Like karma, there is no inherent nature that forces the result of aspirations, once made, to cease. AA VIII 2,8 (Conze) states concerning the "cognition concerning resolve", "As the cause comes to maturity, he manifests himself at that place, wherever and whenever his help is needed."
Buddhahood in This Life
འ༔ ཨ༔ ཧ༔ ཤ༔ ས༔ མ༔


[A]nything at all that is well spoken is the word of the Buddha.

-- Ārya-adhyāśaya-sañcodana-nāma-mahāyāna-sūtra

The different sūtras in accord with the emptiness
taught by the Sugata are definitive in meaning;
One can understand that all of those Dharmas in
which a sentient being, individual, or person are taught are provisional in meaning.

-- Samadhirāja Sūtra

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Re: Mind-streams: Separate?

Post by Astus » Fri Mar 30, 2018 5:19 pm

Queequeg wrote:
Fri Mar 30, 2018 12:59 pm
With wisdom our analysis does not become an endless austerity.
What do you mean by endless austerity?
From whence wisdom?
We receive it from the Buddha.
How do we receive it?
By listening with faith.
Faith is essential.
I did not say there is no need for faith on the path. What I say is that faith is not the bridge between contemplation and insight.
1 Myriad dharmas are only mind.
Mind is unobtainable.
What is there to seek?

2 If the Buddha-Nature is seen,
there will be no seeing of a nature in any thing.

3 Neither cultivation nor seated meditation —
this is the pure Chan of Tathagata.

4 With sudden enlightenment to Tathagata Chan,
the six paramitas and myriad means
are complete within that essence.


1 Huangbo, T2012Ap381c1 2 Nirvana Sutra, T374p521b3; tr. Yamamoto 3 Mazu, X1321p3b23; tr. J. Jia 4 Yongjia, T2014p395c14; tr. from "The Sword of Wisdom"

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Re: Mind-streams: Separate?

Post by Vasana » Fri Mar 30, 2018 7:39 pm

Malcolm wrote:
Fri Mar 30, 2018 4:33 pm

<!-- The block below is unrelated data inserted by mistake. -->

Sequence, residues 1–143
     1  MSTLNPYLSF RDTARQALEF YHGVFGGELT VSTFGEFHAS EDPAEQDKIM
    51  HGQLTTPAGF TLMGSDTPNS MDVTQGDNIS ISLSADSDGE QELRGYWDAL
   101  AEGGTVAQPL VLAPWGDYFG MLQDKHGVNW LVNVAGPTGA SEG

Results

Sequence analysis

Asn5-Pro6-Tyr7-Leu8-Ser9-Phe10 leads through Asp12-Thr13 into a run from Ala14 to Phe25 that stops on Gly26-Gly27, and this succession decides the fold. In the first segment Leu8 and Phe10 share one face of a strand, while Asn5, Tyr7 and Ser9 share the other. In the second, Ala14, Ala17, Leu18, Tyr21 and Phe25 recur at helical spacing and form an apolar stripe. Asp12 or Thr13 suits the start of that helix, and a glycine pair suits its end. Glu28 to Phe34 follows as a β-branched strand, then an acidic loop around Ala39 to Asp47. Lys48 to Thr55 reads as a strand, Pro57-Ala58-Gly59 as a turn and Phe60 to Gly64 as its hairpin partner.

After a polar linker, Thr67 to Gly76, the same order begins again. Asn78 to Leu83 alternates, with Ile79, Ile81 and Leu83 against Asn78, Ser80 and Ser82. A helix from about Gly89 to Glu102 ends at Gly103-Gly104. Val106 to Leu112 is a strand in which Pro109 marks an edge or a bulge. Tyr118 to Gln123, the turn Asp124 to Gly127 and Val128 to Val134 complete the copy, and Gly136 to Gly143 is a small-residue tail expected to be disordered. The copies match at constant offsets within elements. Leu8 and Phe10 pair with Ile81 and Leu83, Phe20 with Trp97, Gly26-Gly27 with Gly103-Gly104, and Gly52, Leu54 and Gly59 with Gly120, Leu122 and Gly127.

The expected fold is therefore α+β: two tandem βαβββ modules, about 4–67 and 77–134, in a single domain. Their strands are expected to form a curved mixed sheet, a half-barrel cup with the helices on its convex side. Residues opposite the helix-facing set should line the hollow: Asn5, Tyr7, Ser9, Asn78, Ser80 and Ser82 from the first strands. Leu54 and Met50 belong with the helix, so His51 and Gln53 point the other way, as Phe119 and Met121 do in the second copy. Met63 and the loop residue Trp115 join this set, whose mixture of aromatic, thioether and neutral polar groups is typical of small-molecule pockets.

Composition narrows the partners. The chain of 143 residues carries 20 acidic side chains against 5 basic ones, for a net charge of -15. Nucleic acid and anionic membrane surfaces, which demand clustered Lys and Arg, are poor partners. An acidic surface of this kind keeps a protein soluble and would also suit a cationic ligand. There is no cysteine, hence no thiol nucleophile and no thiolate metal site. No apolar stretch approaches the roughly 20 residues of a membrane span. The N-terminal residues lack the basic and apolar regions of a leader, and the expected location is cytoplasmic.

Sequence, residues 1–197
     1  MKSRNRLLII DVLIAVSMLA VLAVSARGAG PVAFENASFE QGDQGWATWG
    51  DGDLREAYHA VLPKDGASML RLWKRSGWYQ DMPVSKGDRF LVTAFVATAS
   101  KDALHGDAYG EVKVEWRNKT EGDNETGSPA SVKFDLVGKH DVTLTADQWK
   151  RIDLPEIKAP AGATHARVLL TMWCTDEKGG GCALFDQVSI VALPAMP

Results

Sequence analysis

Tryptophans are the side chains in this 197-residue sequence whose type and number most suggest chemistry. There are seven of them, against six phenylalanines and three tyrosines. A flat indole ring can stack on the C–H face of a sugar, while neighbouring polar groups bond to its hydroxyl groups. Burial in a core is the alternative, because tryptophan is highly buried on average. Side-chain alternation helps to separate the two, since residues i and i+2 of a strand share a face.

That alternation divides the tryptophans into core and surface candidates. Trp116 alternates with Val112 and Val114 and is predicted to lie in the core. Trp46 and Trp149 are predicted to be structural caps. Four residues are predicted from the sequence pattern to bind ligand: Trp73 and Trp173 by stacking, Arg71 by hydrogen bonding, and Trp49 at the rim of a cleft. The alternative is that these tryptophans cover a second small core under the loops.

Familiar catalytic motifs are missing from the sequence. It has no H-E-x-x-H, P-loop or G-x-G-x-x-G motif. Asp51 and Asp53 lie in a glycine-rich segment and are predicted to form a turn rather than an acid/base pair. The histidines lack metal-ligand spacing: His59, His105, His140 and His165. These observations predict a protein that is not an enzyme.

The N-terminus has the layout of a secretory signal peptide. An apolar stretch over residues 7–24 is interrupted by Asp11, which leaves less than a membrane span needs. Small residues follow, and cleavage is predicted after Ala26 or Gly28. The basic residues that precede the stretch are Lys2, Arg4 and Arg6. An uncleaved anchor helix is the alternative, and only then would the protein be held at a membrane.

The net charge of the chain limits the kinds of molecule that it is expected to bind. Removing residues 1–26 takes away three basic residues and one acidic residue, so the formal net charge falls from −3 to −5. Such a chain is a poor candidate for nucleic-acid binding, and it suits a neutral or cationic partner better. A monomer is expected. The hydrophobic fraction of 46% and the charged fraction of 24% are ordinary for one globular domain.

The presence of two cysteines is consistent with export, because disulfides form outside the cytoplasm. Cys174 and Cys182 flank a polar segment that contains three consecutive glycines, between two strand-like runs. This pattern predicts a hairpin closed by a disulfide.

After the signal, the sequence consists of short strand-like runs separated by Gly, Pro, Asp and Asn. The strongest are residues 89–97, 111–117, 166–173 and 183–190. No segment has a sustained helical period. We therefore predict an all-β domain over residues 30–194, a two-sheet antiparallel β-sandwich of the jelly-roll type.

Losal Samten wrote:
Fri Mar 30, 2018 4:19 pm
How do aspirations work once buddahood is attained? Aspirations are a conditioned phenomena and are to be abandoned at the tenth bhumi (IIRC), and since the dharmakaya is unconditioned, surely it can't be conditioned via conditioned practitioners conditionally triggering the abandoned and purified conditional traces of aspirations?

Are aspirations mentioned in Dzogchen literature, or does it rely on the natural compassion doing its business? Wish-fulfilling jewel a and wish-fulfilling jewel b have no differences in activities and potentialities, surely?
Like karma, there is no inherent nature that forces the result of aspirations, once made, to cease. AA VIII 2,8 (Conze) states concerning the "cognition concerning resolve", "As the cause comes to maturity, he manifests himself at that place, wherever and whenever his help is needed."
Relevant:

The Ornament of the Light of Awareness that Enters the Domain of All Buddhas - Sarva­buddha­viṣayāvatāra­jñānālokālaṃkāra

http://read.84000.co/translation/UT22084-047-002.html

  • 1.40
    “Mañjuśrī, in the same manner the Tathāgata, the Arhat, the Perfect and Complete Buddha is empty, dependent, unreal, without syllables, without voice, without place, and also not an existent thing. He is inconceivable, without signs, and free from mentality, mind, and consciousness. He is non-arisen and unceasing.

    “Still, Mañjuśrī, the Tathāgata, the Arhat, the Perfect and Complete Buddha is seen in the world. This is due to the power of his previous aspirations during his practice as a bodhisattva, and also due to the power of all the roots of what is wholesome of the beginner bodhisattvas, of those who set out on the vehicles of the hearers and the pratyekabuddhas, as well as of all the immature, ordinary people. He is seen in the world as a tathāgata adorned with hundreds of thousands of marks, like a reflected image; and he does not move from his place. [52]

    1.41